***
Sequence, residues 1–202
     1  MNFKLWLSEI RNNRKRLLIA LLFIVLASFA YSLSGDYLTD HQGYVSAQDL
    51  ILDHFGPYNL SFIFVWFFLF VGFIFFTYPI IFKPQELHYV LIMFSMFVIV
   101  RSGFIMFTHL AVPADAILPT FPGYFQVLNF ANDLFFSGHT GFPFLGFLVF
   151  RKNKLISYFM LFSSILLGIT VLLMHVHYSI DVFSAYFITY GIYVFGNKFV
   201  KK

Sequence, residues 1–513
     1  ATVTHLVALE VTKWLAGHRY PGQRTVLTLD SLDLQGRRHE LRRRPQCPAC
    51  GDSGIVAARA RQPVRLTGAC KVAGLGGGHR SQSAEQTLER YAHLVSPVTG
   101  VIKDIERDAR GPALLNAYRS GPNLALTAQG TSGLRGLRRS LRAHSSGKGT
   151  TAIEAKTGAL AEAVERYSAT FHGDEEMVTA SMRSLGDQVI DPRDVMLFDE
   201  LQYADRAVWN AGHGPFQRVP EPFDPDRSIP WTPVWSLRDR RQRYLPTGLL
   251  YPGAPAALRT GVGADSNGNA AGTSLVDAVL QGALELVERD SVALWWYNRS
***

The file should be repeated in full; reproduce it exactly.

Sequence, residues 1–202
     1  MNFKLWLSEI RNNRKRLLIA LLFIVLASFA YSLSGDYLTD HQGYVSAQDL
    51  ILDHFGPYNL SFIFVWFFLF VGFIFFTYPI IFKPQELHYV LIMFSMFVIV
   101  RSGFIMFTHL AVPADAILPT FPGYFQVLNF ANDLFFSGHT GFPFLGFLVF
   151  RKNKLISYFM LFSSILLGIT VLLMHVHYSI DVFSAYFITY GIYVFGNKFV
   201  KK

Sequence, residues 1–513
     1  ATVTHLVALE VTKWLAGHRY PGQRTVLTLD SLDLQGRRHE LRRRPQCPAC
    51  GDSGIVAARA RQPVRLTGAC KVAGLGGGHR SQSAEQTLER YAHLVSPVTG
   101  VIKDIERDAR GPALLNAYRS GPNLALTAQG TSGLRGLRRS LRAHSSGKGT
   151  TAIEAKTGAL AEAVERYSAT FHGDEEMVTA SMRSLGDQVI DPRDVMLFDE
   201  LQYADRAVWN AGHGPFQRVP EPFDPDRSIP WTPVWSLRDR RQRYLPTGLL
   251  YPGAPAALRT GVGADSNGNA AGTSLVDAVL QGALELVERD SVALWWYNRS